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Is a split-dose intravenous dexamethasone regimen superior to a single high dose in reducing pain and improving function after total hip arthroplasty? A randomized blinded placebo-controlled trial

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Intravenous dexamethasone has been shown to reduce immediate postoperative pain after total hip arthroplasty (THA), though the effects are short-lived. We aimed to assess whether two equivalent perioperative split doses were more effective than a single preoperative dose.


A total of 165 patients were randomly assigned into three groups: two perioperative saline injections (Group A, placebo), a single preoperative dose of 20 mg dexamethasone and a postoperative saline injection (Group B), and two perioperative doses of 10 mg dexamethasone (Group C). Patients, surgeons, and staff collecting outcome data were blinded to allocation. The primary outcome was postoperative pain level reported on a ten-point Numerical Rating Scale (NRS) at rest and during activity. The use of analgesic and antiemetic rescue, incidence of postoperative nausea and vomiting (PONV), CRP and interleukin-6 (IL-6) levels, range of motion (ROM), length of stay (LOS), patient satisfaction, and the incidence of surgical site infection (SSI) and gastrointestinal bleeding (GIB) in the three months postoperatively, were also compared.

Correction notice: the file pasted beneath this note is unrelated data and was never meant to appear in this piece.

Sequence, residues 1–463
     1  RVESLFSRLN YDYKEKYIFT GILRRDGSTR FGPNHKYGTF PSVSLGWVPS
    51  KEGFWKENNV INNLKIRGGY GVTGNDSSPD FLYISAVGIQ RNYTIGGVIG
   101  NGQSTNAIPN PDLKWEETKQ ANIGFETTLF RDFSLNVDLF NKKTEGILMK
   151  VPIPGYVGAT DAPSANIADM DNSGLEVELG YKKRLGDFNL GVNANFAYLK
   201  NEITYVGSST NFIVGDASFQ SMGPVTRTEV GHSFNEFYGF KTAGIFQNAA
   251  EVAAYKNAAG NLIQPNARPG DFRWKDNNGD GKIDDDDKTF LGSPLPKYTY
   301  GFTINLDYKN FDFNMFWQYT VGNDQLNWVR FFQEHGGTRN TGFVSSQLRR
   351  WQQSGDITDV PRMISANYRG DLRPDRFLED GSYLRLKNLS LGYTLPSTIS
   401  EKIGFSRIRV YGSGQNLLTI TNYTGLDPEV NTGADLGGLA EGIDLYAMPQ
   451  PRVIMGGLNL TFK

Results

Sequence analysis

The pain scores at rest were significantly lower in Groups B and C than in Group A on postoperative days 1 and 2. The dynamic pain scores and CRP and IL-6 levels were significantly lower for Groups B and C compared to Group A on postoperative days 1, 2, and 3. Patients in Groups B and C had a lower incidence of PONV, reduced use of analgesic and antiemetic rescue, improved ROM, shorter LOS, and reported higher satisfaction than in Group A. Patients in Group C had significantly lower dynamic pain scores and IL-6 and CRP levels on postoperative days 2 and 3, and higher ROM and satisfaction on postoperative day 3 than in Group B. No SSI or GIB occurred in any group.


Perioperative dexamethasone provides short-term advantages in reducing pain, PONV, and inflammation, and increasing range of motion in the early postoperative period after THA. A split-dose regimen was superior to a single high dose in reducing pain and inflammation, and increasing ROM, with better patient satisfaction.

Level of evidence: I

Cite this article: Bone Joint J 2020;102-B(11):1497–1504.

Correspondence should be sent to Wei Huang. E-mail:

F. Pei and W. Huang contributed equally to this work.

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